Capitalists intensify attacks, Resistance grows

Posted by Janet Tuckers on April 6, 2017 under Pre-Convention Discussion | Be the First to Comment

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Time of Day Briefing
Committees of Correspondence for Democracy & Socialism
4/2/2107
by Randy Shannon

This report will discuss some context and focus on some important elements in the present conjuncture.
The capitalist class is unified in the drive to reverse the decline in the rate of profit that became critical in the 1970’s due to labor’s growing bargaining power. The capitalist class is pursuing four tactics to restore the profitability of their system of production relations – globalization, neoliberal austerity, financial speculation, and military expansion.

The economic, political, and social crisis that we now experience is evidence that the bourgeois solution to their crisis is a failure. The system has not recovered. There is no expansion of production, no revival of infrastructure investment, and the 1.1% annual increase in labor productivity since the Great Recession is the lowest in history.

The deepening crisis is emblematic of Gramsci’s analysis: “A crisis occurs, sometimes lasting for decades. This exceptional duration means that incurable structural contradictions have reached maturity, and that, despite this, the political forces which are struggling to…defend the existing structure…are making [persistent] efforts to…overcome [the contradictions]. These…persistent efforts form the terrain of the conjunctural and it is upon this terrain that the forces of opposition organize…any falling short before a historical duty increases the necessary disorder and prepares more serious catastrophes.”

The capitalists are now divided on how to proceed. The new dominant option is to double down on the exploitation of labor, destroy the regulatory limits on production, abandon the social safety net, and steal undeveloped natural resources. The former option is to profit from crises like global warming with limited new investment, invest in more automation, slowly erode the social safety net, and gain consent for intensified exploitation of labor and natural resources through trade agreements.

For the working class the unifying elements are the increase in exploitation of labor accompanied by an attack on unions, depressed wage growth, an intensified work pace, automation, and increasingly authoritarian management of the workplace. In the US 40% of the civilian labor force is out of the labor market and 15% of the employed do not have stable jobs.

These conditions are profoundly affecting the political consensus. Loyalty to the employer and the dominant culture is challenged by dismay at the tremendous disparity in wealth and income while millions struggle in poverty or on the edge of poverty. Consent to the leadership of the hegemonic block dominated by finance capital with labor and minority organizations as partners began eroding in the 1970s with the beginning of neoliberal austerity. Now the neoliberal bloc has lost control of the government apparatus. The Democratic Party, their effective agent of consent, has lost the trust of the progressive majority.

The inability of the center-left forces to organize political opposition to neoliberal austerity, globalization, and financial speculation allowed the far right to exploit economic anxiety using xenophobia, racism, sexism, and great power chauvinism to build an alternative political consensus. Although far from a majority, this far right consensus, helped by fraud at the polls, elected a far-right authoritarian government. The election outcome has shocked the financial elite and their partners in the Democratic Party, the labor movement, and the progressive majority.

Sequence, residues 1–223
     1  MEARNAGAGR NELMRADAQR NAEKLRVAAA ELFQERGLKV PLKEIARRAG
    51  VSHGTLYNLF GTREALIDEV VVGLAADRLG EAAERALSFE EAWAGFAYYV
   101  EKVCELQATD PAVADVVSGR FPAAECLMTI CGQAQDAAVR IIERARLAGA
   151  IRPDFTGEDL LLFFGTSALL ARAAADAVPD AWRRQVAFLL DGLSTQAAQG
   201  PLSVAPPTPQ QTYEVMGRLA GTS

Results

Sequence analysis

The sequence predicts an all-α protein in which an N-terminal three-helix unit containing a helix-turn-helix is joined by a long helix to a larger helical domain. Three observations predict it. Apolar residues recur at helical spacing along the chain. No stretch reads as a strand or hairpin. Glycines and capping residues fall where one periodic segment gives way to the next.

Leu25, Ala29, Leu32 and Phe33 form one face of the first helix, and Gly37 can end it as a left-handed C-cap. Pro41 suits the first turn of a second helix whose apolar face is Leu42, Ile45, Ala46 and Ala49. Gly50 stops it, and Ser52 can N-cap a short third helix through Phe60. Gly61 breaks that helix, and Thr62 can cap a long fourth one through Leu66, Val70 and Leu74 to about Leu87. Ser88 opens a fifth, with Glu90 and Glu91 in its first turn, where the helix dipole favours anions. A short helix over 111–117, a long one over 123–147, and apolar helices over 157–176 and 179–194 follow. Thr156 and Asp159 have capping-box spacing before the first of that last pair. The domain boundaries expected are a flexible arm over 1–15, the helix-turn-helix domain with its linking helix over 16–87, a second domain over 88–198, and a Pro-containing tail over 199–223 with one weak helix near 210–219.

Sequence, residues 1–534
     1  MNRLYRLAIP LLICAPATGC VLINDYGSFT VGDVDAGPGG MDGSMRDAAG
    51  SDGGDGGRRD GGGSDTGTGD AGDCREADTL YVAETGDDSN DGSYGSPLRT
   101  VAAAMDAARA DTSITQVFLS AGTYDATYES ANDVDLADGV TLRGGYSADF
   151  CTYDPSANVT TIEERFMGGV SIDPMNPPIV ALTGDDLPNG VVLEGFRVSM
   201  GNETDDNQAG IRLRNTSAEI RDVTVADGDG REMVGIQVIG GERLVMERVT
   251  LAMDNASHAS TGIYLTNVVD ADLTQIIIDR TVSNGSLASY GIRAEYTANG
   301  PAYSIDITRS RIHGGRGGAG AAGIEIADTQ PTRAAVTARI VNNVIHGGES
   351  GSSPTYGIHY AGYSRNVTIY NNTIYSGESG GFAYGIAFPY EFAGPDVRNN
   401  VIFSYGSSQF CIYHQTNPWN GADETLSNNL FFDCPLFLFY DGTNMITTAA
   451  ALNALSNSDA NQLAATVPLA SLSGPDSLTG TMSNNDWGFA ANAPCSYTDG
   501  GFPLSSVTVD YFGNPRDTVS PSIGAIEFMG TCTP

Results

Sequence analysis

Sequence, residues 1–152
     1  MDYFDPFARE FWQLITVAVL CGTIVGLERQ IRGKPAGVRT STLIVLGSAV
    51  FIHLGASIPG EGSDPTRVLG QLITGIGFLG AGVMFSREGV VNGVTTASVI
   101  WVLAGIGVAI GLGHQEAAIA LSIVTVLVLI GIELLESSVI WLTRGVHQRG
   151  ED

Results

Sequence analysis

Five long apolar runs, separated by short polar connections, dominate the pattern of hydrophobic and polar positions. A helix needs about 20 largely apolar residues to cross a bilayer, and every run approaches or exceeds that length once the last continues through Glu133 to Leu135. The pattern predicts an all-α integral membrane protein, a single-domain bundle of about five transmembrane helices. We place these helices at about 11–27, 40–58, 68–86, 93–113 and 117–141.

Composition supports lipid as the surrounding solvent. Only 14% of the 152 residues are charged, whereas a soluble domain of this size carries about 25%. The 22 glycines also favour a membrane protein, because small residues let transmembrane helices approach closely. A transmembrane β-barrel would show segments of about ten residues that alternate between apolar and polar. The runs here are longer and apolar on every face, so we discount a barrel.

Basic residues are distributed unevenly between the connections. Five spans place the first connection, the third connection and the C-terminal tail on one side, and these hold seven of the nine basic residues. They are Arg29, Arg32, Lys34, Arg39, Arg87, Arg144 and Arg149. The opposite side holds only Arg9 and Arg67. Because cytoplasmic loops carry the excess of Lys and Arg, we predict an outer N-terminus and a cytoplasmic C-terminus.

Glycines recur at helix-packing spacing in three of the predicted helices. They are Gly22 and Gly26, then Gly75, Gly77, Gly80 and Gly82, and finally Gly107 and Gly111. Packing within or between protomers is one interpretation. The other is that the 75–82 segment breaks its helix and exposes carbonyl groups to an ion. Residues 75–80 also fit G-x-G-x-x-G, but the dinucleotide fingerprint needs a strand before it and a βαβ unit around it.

The fledgling Sanders primary campaign, although unable to upset neoliberal dominance, articulated an opposition to the policies of neoliberal capital that can mobilize the progressive majority. The Sanders campaign also highlighted the inability of the left to field a competent team of ideological and practical organizers and activists. There was no left infrastructure either inside or outside the Democratic Party to wage an effective ground game or to guarantee that the votes cast for Sanders would be counted.

Likewise there was no left or liberal infrastructure in the Democratic Party that was willing or able to challenge the massive fraudulent elimination of African-American voters from the polls in numerous swing states, including Michigan and Wisconsin where their numbers exceeded Trump’s margin of victory.

The Trump administration immediately attacked the government infrastructure so that governance is in the hands of a few Wall St. and far-right loyalists constituting an authoritarian clique. The Republican attack on healthcare coupled with a massive tax cut for the wealthy and Trump’s budget proposal liquidating most social programs provided the shocked electorate with the first concrete issues.

We are in the midst of a building wave of social, cultural, and political resistance and opposition to the far-right agenda. The women’s march on January 21st was a mobilization of 3 million across the country raising numerous issues, but focused on equality and respect for women. This 3 million is one quarter the size of an effective mass counterweight to the authoritarian government, based on the research of Erica Chenoweth. The mobilization of 3 million was a remarkable achievement and a promising step toward the practical goal of 13 million nonviolent resisters.